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Feel like you’re running around all the time without a minute to yourself? Though we may complain and wish we weren’t so busy, new research suggests we actually enjoy -- and would be miserable without -- our over-packed schedules. The study, published in the journal Psychological Science, finds that people who keep themselves occupied are happier than those who are idle. Even more surprising, the researchers found that it didn’t matter if people were pursuing their own ambitions or being forced to complete mindless assignments. Everyone who was engaged in some activity was more content than those who had nothing to do. Still, as most of us know from experience, when given the option to do something meaningless or do nothing at all, the majority of us will still choose to do nothing.
For the study, researchers from the University of Chicago recruited 98 volunteers and told them that they would be filling out a series of surveys. During that time they would be allowed to do nothing else, and had to leave all personal belongings -- which might otherwise serve as distractions -- at home. Once volunteers completed the first survey, they were told that the second questionnaire would not be ready for another 15 minutes. In the meantime, they were given the option to either wait idly in the classroom, or walk 15 minutes round-trip to drop off their surveys. Even though most people elected to sit and wait, those who made the round-trip walk reported greater happiness during that time than those who remained idle.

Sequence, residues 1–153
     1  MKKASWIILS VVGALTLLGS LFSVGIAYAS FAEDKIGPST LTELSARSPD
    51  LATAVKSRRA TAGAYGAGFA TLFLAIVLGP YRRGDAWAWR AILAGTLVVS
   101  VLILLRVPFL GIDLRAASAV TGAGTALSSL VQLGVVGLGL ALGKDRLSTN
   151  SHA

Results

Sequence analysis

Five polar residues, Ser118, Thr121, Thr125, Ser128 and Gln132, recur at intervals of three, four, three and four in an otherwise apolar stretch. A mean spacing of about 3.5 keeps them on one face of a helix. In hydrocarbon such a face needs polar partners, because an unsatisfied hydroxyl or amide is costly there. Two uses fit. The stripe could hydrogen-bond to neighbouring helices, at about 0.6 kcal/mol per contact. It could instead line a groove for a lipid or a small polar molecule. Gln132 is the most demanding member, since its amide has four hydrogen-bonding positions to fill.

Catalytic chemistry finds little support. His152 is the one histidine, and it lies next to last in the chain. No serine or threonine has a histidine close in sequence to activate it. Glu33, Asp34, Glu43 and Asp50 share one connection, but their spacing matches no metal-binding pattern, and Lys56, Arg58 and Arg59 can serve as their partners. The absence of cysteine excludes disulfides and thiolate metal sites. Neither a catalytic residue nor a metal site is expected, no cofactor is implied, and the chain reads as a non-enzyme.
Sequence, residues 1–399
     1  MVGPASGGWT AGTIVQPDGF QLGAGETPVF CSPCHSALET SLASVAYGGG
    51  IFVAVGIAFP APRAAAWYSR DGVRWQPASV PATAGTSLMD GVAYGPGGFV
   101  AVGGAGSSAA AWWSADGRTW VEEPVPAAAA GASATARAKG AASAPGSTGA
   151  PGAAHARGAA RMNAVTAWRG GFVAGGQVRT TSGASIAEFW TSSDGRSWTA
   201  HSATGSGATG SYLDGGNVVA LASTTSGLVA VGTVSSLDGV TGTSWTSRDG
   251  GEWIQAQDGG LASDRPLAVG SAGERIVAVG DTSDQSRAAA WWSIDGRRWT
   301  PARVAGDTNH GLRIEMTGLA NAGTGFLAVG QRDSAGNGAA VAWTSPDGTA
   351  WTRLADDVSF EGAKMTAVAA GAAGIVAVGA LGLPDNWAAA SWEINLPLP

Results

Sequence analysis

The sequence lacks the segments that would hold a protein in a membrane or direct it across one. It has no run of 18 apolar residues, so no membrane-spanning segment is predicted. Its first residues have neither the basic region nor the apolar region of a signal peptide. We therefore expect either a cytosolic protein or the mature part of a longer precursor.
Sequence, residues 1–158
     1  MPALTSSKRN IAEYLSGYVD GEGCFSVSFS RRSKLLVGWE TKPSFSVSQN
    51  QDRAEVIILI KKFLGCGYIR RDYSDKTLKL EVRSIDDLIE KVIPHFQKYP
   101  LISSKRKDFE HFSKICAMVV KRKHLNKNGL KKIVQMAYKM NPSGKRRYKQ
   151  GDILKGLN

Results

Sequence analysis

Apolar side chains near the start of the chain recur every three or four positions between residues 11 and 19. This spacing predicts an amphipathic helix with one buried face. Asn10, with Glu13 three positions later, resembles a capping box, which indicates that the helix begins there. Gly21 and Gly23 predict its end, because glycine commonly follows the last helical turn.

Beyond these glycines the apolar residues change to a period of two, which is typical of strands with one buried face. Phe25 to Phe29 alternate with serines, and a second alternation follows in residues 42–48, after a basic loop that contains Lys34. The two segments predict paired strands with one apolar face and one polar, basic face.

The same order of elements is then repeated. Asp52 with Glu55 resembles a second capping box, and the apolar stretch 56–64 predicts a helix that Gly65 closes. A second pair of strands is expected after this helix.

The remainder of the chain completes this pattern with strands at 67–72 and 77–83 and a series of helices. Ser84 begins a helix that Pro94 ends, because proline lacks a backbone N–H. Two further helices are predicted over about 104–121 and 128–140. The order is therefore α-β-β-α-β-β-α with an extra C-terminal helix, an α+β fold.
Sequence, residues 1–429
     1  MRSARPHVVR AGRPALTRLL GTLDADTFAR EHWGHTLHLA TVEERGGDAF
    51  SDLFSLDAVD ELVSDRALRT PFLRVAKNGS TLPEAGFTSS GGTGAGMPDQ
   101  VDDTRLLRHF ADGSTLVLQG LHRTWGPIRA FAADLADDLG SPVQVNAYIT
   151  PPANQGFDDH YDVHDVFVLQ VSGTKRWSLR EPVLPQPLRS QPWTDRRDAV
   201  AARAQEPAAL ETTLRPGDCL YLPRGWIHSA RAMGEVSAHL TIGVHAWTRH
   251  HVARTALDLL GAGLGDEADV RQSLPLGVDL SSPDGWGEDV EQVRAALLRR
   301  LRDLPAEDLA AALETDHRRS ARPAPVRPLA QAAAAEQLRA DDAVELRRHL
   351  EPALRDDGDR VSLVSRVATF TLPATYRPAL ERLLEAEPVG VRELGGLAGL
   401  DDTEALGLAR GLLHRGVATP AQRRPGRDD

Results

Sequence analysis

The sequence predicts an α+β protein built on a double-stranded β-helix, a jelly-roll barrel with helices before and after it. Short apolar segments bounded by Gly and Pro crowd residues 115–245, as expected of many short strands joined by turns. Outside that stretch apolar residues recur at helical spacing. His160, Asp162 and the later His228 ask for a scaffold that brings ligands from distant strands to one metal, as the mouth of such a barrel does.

Since research shows that exercise -- even a brief walk -- can boost mood, I wondered how useful this experiment was. Wouldn’t it make more sense to have some people fill out surveys and have others sit around waiting to fill them out? Luckily, the researchers conducted a second set of experiments where participants, who had each been given a bracelet, were asked to sit and wait for 15 minutes. They were given the option of disassembling and reassembling the bracelet while they waited. Again, most people chose to sit and do nothing. But those who reconstructed the piece of jewelry reported feeling happier while they were waiting than those who had nothing to do.
The authors of the study theorize that instead of working to find meaning in life, people actually look for meaning in order to keep busy. Though I can’t speak for everyone, my life does support that belief. I’m happier when I’m busy, as long as the activity is constantly changing. When my work is no longer engaging, I begin pondering what I want out of life, so I can find something that will fulfill me again -- at least for the short-term.
I can’t help but wonder where meditation falls within this study, if life is little more than an hourglass that needs to be filled with busy work. Buddhist meditation is the renouncement of all that -- it teaches followers to be content while doing absolutely nothing. Maybe staying busy is one way to stay happy, but learning how to be happy while doing nothing could also make us feel better in the long run.
If staying busy keeps us happy, should we always be doing something or should we learn how to be happy when idle? Chime in below.